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Macromolecular ab initio phasing enforcing secondary and tertiary structure.

Millán C, Sammito M, Usón I - IUCrJ (2015)

Bottom Line: Beyond α-helices, other fragments can be exploited in an analogous way: libraries of helices with modelled side chains, β-strands, predictable fragments such as DNA-binding folds or fragments selected from distant homologues up to libraries of small local folds that are used to enforce nonspecific tertiary structure; thus restoring the ab initio nature of the method.Using these methods, a number of unknown macromolecules with a few thousand atoms and resolutions around 2 Å have been solved.In the 2014 release, use of the program has been simplified.

View Article: PubMed Central - HTML - PubMed

Affiliation: Structural Biology, Molecular Biology Institute of Barcelona , Baldiri Reixac 15, Barcelona, 08028, Spain.

ABSTRACT
Ab initio phasing of macromolecular structures, from the native intensities alone with no experimental phase information or previous particular structural knowledge, has been the object of a long quest, limited by two main barriers: structure size and resolution of the data. Current approaches to extend the scope of ab initio phasing include use of the Patterson function, density modification and data extrapolation. The authors' approach relies on the combination of locating model fragments such as polyalanine α-helices with the program PHASER and density modification with the program SHELXE. Given the difficulties in discriminating correct small substructures, many putative groups of fragments have to be tested in parallel; thus calculations are performed in a grid or supercomputer. The method has been named after the Italian painter Arcimboldo, who used to compose portraits out of fruit and vegetables. With ARCIMBOLDO, most collections of fragments remain a 'still-life', but some are correct enough for density modification and main-chain tracing to reveal the protein's true portrait. Beyond α-helices, other fragments can be exploited in an analogous way: libraries of helices with modelled side chains, β-strands, predictable fragments such as DNA-binding folds or fragments selected from distant homologues up to libraries of small local folds that are used to enforce nonspecific tertiary structure; thus restoring the ab initio nature of the method. Using these methods, a number of unknown macromolecules with a few thousand atoms and resolutions around 2 Å have been solved. In the 2014 release, use of the program has been simplified. The software mediates the use of massive computing to automate the grid access required in difficult cases but may also run on a single multicore workstation (http://chango.ibmb.csic.es/ARCIMBOLDO_LITE) to solve straightforward cases.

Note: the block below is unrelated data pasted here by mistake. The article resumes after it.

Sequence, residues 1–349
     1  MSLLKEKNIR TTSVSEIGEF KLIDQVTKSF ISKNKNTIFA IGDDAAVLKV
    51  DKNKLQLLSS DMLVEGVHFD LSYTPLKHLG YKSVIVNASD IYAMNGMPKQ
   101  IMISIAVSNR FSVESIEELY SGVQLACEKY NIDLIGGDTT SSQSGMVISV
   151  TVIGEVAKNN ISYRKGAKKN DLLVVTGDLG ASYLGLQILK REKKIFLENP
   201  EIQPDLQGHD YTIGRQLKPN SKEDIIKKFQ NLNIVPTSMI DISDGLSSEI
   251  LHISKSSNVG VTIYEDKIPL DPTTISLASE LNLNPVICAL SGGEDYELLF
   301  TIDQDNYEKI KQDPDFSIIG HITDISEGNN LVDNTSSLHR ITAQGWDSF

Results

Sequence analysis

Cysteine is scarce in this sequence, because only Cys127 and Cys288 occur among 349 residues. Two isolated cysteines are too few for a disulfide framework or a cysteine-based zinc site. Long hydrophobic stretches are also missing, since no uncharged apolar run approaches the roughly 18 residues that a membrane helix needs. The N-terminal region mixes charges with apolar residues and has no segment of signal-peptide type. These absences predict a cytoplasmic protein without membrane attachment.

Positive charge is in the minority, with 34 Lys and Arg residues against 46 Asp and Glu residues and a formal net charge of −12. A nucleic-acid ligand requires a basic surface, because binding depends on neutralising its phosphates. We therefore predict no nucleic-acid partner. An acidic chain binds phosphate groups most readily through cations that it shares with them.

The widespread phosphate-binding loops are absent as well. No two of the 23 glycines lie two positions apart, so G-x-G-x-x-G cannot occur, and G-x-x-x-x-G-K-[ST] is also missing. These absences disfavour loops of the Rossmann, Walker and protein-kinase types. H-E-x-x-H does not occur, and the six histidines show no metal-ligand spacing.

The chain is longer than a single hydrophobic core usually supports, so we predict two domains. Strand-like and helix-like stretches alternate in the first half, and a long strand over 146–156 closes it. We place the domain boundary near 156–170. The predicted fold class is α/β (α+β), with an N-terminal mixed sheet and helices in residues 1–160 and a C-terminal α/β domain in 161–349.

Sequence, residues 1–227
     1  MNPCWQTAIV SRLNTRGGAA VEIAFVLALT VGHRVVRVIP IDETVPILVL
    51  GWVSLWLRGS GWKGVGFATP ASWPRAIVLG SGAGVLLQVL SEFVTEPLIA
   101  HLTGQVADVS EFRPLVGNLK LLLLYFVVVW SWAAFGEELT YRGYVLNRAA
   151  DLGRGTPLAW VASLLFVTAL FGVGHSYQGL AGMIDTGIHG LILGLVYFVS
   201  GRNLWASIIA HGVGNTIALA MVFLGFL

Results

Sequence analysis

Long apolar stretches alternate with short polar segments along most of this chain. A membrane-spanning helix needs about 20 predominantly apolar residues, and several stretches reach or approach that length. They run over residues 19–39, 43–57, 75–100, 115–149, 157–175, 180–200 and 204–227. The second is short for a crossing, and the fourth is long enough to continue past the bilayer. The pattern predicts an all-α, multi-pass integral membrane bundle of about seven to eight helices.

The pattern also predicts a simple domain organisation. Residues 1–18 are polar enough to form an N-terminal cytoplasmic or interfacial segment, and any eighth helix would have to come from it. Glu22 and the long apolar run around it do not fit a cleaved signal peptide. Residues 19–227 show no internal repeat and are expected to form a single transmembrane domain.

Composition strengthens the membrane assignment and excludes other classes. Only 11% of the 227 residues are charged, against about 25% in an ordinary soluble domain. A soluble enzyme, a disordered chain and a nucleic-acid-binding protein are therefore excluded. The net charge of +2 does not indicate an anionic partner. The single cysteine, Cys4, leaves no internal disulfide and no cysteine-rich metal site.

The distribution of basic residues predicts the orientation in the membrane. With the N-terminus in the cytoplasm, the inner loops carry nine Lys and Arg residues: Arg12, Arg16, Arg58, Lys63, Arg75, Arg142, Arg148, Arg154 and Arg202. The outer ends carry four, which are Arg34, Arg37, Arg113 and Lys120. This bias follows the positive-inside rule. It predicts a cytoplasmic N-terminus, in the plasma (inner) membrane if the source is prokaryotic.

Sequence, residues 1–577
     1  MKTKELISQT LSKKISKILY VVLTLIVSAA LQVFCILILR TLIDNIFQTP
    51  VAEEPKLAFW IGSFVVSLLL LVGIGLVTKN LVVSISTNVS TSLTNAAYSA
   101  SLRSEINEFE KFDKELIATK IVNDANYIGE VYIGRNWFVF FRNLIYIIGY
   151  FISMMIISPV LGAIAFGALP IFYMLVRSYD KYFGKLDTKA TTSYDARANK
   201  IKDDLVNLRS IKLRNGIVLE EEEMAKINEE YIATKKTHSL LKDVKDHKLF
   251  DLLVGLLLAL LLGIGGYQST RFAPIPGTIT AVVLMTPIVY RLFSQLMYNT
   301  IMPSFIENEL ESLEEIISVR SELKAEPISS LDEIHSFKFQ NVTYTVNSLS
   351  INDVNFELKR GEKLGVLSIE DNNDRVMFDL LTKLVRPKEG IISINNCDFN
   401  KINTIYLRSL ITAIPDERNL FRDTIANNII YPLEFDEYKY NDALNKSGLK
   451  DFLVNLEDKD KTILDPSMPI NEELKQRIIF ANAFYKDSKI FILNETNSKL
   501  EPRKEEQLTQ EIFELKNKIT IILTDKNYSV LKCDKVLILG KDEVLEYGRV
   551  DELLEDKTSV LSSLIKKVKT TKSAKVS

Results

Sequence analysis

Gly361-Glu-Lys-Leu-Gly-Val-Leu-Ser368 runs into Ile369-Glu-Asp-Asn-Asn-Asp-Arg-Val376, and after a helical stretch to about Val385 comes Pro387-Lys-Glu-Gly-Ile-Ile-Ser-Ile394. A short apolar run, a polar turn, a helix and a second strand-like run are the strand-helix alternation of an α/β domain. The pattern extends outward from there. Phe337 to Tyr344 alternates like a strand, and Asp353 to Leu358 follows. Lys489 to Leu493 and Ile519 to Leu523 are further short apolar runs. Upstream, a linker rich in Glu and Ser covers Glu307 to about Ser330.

No MeSH data available.


Related in: MedlinePlus

Dual-space recycling Shake-and-Bake algorithm for ab initio phasing at atomic resolution.
© Copyright Policy - open-access
Related In: Results  -  Collection

License
getmorefigures.php?uid=PMC4285884&req=5

fig1: Dual-space recycling Shake-and-Bake algorithm for ab initio phasing at atomic resolution.